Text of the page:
In a world of long hours and grueling work, it’s no surprise that many hygienists are experiencing stress and strain.
It was a cause for celebration! My sister-in-law had gone into labor, and she was preparing to deliver the much-anticipated first grandchild of the family. The whole family gathered in the labor and delivery ward of our local hospital with butterflies in our stomachs and hearts prepared to welcome a new member to the family.
What began as a beautiful day of anticipation, however, turned into a 36-hour delivery with immense stress, fear, panic and questions.
About 18 hours into labor, our proud father-to-be, Danny, joined us in the waiting room to inform the family that Bailey’s contractions were subsiding, and she had spiked a fever. Despite receiving an Oxytocin drip to increase the contractions, Bailey’s body was beginning to show signs of distress. A nurse casually advised them “not to worry” as Bailey was placed on oxygen and given Tylenol.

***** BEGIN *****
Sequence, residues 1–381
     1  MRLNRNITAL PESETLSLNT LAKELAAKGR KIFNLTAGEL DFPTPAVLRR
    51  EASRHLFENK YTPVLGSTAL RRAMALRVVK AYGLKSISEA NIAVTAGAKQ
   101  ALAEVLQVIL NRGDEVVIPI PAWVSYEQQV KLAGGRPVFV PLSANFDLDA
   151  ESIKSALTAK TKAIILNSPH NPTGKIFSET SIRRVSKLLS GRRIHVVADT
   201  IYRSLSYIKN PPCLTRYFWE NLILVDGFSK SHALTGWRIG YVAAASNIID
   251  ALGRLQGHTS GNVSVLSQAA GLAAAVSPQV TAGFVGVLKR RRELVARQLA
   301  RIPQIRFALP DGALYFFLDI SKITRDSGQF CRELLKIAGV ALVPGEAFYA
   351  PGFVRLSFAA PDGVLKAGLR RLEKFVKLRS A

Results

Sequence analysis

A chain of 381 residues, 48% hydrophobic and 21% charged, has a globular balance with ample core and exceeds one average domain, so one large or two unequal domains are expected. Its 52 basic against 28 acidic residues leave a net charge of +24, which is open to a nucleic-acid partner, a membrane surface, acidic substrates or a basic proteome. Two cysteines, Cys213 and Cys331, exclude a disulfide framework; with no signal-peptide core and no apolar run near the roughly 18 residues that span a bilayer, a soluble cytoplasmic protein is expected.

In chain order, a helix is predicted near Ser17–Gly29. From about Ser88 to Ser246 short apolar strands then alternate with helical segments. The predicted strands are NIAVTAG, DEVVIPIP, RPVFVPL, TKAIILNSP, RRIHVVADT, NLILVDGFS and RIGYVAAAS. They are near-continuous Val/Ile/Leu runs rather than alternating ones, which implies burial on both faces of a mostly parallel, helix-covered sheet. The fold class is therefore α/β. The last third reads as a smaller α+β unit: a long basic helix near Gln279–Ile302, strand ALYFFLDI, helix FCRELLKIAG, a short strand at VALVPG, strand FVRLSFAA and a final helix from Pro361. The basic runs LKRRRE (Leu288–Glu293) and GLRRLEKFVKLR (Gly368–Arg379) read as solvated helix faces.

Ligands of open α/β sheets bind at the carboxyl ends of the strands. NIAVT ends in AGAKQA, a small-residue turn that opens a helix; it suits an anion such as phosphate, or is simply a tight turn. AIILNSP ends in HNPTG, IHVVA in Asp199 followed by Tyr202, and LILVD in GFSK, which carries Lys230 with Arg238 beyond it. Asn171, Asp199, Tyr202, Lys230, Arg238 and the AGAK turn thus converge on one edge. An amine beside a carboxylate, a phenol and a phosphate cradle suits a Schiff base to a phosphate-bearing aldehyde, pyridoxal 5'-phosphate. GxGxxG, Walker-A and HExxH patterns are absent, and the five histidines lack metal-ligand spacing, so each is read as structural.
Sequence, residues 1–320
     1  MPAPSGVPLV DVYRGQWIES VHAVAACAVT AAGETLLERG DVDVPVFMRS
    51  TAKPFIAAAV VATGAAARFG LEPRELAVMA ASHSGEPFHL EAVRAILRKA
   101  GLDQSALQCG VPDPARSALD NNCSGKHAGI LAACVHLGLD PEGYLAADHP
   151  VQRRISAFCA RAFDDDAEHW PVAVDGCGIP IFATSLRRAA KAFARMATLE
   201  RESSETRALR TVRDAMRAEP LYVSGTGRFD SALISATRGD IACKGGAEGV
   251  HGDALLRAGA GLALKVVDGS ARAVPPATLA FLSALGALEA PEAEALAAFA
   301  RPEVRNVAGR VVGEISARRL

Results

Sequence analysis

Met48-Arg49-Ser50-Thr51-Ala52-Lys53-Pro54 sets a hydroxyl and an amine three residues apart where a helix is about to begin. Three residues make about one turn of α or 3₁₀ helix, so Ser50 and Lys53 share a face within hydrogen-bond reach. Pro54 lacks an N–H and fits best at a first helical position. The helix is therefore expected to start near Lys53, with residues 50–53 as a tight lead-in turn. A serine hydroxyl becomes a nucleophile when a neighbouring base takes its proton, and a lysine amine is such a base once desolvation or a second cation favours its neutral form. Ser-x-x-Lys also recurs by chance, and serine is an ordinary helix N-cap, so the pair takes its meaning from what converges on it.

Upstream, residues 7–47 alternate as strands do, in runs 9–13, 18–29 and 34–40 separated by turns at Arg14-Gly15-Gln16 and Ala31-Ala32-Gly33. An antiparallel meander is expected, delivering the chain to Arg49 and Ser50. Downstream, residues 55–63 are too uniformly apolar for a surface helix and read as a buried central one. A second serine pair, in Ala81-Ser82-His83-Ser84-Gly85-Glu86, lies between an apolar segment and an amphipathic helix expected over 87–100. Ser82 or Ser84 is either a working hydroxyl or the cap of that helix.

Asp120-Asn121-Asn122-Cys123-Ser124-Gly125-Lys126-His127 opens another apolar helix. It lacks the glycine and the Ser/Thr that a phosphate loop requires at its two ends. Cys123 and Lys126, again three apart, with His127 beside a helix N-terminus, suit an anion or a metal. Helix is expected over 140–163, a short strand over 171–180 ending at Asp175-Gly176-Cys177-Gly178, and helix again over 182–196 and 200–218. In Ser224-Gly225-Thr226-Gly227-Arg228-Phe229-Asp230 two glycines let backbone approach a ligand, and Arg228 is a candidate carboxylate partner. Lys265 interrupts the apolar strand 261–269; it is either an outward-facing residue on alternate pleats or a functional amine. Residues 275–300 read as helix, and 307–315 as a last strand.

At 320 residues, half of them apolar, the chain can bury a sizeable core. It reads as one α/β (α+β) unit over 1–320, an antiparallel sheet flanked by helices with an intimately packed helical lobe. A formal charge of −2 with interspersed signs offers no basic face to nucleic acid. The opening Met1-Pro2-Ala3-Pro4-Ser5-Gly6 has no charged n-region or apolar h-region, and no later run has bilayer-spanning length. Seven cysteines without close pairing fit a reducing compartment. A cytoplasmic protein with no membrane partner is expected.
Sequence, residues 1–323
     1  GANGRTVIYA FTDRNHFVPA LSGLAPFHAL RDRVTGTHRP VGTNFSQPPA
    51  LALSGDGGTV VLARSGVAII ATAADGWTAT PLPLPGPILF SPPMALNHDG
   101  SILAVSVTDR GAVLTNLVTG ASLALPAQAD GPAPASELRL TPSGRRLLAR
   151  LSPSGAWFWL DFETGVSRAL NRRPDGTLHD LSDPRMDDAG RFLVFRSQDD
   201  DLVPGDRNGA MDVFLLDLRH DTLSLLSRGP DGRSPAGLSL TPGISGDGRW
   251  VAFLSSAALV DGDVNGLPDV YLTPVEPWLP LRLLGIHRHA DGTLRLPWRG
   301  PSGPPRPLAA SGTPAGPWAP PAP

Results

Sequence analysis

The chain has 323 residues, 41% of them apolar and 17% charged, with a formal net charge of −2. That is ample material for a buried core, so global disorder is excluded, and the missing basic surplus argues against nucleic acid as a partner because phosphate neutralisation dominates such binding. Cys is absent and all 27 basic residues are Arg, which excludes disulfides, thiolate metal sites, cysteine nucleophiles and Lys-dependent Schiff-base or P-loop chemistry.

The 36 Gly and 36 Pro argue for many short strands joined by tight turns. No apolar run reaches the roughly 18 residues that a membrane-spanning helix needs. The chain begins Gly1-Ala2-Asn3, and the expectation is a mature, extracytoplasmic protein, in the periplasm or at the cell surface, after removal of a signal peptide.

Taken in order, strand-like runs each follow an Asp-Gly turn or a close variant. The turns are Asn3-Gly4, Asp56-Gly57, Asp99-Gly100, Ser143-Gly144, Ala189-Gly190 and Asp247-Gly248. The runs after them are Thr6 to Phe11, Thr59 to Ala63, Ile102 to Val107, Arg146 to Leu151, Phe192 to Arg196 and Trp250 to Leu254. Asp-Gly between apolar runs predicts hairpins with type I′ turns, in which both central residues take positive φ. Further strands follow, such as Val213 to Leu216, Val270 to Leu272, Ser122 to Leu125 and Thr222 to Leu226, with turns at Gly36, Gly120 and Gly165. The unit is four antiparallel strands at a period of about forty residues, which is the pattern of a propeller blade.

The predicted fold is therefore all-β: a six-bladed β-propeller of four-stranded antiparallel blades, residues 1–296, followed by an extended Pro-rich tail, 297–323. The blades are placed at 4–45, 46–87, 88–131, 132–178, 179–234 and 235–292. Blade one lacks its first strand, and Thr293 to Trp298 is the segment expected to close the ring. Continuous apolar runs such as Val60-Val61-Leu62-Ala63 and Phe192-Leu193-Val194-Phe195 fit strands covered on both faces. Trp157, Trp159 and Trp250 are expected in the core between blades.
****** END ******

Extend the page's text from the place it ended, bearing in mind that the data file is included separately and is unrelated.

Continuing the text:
I sat in the hospital waiting room watching Danny search WebMD for every reason why his wife and unborn child would be experiencing this distress while three nurses casually enjoyed coffee and girl chat at the nurses’ station.
Is this how it’s supposed to be? An indifferent “not to worry” then coffee chat while the first-time parents in room 235 struggle to understand what’s happening on what should be the most beautiful day of their lives as parents?
At what point would someone empathetically tell Danny what was going on? Or is WebMD now able to provide better, clearer and more timely answers than the three nurses behind the desk?
Being the only family member who wears scrubs to work on a daily basis, I muttered the only thing I could in the moment: “I’m sure everything is fine. These nurses are highly trained for all scenarios during labor.” I soon ate those words when we found out that the “highly trained” nurses forgot to turn ON the Oxytocin drip. After more than 24 restless hours of munching ice chips, poor Bailey received her second epidural and a second “oops” from a forgetful nurse who just couldn’t seem to remember to turn ON the Oxytocin drip.
After what seemed like an eternity, Bailey’s OB-GYN presented, was shocked at the amount of stress she had endured and delivered, via C-Section, a gorgeous 7-pound and 3-ounce baby boy with a sweet dimple on his chin and a full head of hair.